Nathan Munday (poetry) “Garth Hill” – their inspiration: “Our hills are saturated with memories and, when you listen carefully, you can hear these reverberations. Losing ‘Tadcu’, my grandfather preacher, was such a strange cessation. Listening to his Lazarus voice on a well-known hillside transformed a shared space into a sacred spot.“
Kate Meyer (poetry) “Walk, Listen, Repeat” – their inspiration: “I wrote ‘Walk, Listen, Repeat’ after my first visit to London after lockdown, where hitting familiar streets after two years in Devon was a literal shock to the system. And my feet!“
Jane V Adams (prose) “The Gift” – their inspiration: “What would it be like if you could no longer hear the things you love? I was inspired to write The Gift after a conversation with a friend who can no longer hear the high-pitched calls of a wren or the chirps of grasshoppers in the summer grass. What would it be like, I wondered, if there was a machine that turned sounds into vibrations, so that you could feel those longed for tunes?“
Murdo Eason (poetry) “Loop Walking (a fragment)” – their inspiration: “The repetition and constant variations of a daily ‘loop-walk’ — starting from, and returning to, the front door, during lockdown.”
E.E. Rhodes (prose) The Nightingale – their inspiration: “I was out on a nighttime walk and came across a group of silent men standing on the edge of a wood. Just waiting. Listening. I was compelled by the thrilling sense of anticipation as we walked softly into the dark.“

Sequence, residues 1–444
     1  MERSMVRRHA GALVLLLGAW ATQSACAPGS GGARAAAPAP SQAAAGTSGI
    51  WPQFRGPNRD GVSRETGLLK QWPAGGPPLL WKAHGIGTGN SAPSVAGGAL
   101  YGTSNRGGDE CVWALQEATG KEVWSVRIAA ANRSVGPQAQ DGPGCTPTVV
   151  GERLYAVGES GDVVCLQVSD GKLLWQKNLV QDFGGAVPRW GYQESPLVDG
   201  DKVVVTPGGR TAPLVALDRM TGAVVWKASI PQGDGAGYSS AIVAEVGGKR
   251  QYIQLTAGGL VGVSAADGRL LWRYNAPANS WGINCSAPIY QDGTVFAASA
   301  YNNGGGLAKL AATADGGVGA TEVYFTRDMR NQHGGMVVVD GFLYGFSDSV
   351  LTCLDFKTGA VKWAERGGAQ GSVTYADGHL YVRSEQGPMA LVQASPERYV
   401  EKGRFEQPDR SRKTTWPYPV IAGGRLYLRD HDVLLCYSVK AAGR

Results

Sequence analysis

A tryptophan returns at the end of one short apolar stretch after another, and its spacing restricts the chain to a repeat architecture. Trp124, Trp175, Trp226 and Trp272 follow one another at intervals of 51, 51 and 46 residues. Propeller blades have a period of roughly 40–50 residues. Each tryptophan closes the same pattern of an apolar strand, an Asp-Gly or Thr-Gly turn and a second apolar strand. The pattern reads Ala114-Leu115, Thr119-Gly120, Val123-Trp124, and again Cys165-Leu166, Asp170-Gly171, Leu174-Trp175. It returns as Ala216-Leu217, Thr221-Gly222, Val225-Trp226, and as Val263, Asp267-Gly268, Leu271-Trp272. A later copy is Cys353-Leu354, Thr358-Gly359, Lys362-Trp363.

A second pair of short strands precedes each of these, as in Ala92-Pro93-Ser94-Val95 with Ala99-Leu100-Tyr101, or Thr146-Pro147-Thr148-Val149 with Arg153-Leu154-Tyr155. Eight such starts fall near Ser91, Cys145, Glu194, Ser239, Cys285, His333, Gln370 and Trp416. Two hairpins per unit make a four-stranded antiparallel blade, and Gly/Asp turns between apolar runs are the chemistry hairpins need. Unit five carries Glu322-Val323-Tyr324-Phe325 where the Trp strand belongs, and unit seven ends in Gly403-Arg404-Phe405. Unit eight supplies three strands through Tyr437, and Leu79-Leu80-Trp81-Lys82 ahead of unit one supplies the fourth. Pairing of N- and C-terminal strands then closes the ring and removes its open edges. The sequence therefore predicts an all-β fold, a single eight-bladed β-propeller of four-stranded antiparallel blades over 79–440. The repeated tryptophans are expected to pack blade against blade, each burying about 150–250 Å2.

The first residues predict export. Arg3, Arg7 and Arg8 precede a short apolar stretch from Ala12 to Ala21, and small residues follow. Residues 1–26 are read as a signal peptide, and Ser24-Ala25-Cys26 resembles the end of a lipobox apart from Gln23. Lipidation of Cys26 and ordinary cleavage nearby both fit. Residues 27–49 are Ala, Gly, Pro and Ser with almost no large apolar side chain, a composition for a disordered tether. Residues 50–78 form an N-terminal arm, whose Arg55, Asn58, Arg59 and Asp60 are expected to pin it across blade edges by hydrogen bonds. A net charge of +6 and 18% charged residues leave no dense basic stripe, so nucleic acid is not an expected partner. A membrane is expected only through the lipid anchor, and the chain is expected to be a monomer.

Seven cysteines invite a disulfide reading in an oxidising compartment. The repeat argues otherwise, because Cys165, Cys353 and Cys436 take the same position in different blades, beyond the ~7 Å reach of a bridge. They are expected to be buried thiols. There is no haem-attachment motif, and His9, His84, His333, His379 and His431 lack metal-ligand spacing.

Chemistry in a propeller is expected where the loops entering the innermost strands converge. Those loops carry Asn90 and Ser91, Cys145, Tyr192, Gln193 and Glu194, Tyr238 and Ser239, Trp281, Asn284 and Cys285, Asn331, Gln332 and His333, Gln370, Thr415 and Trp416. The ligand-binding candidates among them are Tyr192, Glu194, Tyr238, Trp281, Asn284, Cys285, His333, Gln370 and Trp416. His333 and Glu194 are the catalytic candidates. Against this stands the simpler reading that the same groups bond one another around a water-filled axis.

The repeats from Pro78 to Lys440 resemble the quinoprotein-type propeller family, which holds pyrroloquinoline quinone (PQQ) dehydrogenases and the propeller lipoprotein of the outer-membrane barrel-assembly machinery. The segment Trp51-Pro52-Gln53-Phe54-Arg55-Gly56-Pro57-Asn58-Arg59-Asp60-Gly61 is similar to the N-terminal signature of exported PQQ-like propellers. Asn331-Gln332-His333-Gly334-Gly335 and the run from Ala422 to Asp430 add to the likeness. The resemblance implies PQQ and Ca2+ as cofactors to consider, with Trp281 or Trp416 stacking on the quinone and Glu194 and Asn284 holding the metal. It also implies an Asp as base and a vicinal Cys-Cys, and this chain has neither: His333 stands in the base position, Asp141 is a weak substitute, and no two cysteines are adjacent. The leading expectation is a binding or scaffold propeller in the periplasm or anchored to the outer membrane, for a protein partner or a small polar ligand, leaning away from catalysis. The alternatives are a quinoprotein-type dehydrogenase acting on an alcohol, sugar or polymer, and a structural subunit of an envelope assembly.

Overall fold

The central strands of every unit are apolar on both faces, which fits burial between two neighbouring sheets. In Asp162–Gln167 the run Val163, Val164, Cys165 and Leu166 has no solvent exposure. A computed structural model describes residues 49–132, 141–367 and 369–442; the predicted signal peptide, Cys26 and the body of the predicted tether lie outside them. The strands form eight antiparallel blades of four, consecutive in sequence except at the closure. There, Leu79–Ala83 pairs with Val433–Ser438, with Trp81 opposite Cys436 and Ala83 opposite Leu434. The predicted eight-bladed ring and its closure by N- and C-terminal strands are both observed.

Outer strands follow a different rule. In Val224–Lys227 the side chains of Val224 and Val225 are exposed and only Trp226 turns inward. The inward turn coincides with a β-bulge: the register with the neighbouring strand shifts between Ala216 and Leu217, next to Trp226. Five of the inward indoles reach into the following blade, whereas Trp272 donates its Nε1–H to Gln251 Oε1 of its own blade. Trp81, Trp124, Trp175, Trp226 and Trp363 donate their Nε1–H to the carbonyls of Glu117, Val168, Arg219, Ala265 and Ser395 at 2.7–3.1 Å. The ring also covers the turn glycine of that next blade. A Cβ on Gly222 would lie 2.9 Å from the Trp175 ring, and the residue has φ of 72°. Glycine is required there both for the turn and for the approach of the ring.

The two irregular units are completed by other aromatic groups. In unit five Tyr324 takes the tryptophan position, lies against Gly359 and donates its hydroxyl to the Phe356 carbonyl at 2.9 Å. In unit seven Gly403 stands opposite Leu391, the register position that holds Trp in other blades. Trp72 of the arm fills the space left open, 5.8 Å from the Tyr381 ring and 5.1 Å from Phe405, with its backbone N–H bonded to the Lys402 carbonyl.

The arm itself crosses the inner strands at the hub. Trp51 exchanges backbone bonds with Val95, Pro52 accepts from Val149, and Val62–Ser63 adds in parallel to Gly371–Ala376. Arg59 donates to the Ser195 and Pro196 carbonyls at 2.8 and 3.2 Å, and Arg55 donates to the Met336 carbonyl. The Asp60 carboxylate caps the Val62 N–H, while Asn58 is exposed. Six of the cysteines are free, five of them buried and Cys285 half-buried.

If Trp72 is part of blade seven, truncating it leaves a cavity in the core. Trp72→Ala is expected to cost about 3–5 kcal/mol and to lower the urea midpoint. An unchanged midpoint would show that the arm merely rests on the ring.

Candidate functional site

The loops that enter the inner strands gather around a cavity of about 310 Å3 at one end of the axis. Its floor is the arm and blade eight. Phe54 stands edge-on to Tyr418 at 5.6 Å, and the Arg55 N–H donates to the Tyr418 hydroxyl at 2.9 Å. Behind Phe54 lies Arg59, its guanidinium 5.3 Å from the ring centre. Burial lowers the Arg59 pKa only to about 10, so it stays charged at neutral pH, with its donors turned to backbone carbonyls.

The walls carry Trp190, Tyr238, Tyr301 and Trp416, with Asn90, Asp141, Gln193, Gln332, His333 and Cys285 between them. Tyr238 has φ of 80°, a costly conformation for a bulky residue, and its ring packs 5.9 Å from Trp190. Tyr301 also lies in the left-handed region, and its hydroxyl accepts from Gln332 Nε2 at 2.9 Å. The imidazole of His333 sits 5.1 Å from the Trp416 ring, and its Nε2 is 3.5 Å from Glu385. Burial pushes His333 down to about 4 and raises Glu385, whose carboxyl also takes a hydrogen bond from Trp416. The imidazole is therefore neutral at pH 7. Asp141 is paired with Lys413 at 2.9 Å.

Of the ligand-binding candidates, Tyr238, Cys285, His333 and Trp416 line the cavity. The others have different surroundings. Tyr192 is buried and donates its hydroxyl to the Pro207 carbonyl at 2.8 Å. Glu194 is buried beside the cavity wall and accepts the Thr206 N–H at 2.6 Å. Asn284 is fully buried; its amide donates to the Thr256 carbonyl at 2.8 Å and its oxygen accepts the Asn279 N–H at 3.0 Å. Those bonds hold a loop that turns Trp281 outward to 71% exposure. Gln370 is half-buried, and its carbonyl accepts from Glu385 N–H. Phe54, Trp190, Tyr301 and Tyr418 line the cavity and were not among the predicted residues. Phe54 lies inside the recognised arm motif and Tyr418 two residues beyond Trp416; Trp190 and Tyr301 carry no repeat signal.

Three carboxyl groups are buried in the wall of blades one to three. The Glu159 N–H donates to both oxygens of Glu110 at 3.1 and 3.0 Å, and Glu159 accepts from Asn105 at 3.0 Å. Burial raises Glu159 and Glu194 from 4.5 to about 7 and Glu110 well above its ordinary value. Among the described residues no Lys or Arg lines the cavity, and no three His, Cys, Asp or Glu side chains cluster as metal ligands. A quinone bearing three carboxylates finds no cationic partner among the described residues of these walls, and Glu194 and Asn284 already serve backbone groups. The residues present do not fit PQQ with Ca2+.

Maggie McShane (poetry) “Fatherland“ – their inspiration: “Fatherland is inspired by my childhood walks with my father. I have many memories of trying to keep pace with him as we crisscrossed across Glasgow. The soundtrack to our walks were his stories about our city and our Irish heritage. During ‘walking season’ (when the marching bands take to the streets) the stories of our ancestors slammed into our present day. Our walks and our heritage collided.“
Anne Bailie (prose) “The Belfast Greenway” – their inspiration: “I was diagnosed with a rare and incurable form of Stage Four Neuroendocrine Cancer, with Carcinoid Syndrome, in the autumn of 2020. Throughout lockdown and following major abdominal surgery and continuing cancer treatment, I have found daily walks on the nearby Greenway with my dog, Thorin, to be amazingly therapeutic and uplifting. I started writing about these walks in my journal and in letters and that writing inspired me to enter this competition about Walking and Listening.“
Liz Nicholas (poetry) “Stepsounds” – their inspiration: “This piece came from hot still days walking along the Pembrokeshire coast path in July 2021. I was listening to the sounds of the life around me – birds, insects, water – but in this poem I chose to focus on the rhythm of my feet meeting the landscape. The sound of your feet tells you about the quality of the ground; this is where you and the world interact.”
Angela Findlay (prose) “The Sound of Footfall” – their inspiration: “Walking the Camino de Santiago after my father’s death was a profound experience. It both connected me to the WW2 experiences of my German grandfather, who I never met, and taught me that taking one little step after another, literally or metaphorically, can get you through the challenges of life.“
Buy WALKING – the limited edition illustrated chapbook anthology of 15 poems and stories inspired by walking and listening €4.50 + p&p
All proceeds go to support future Sound Walk Septembers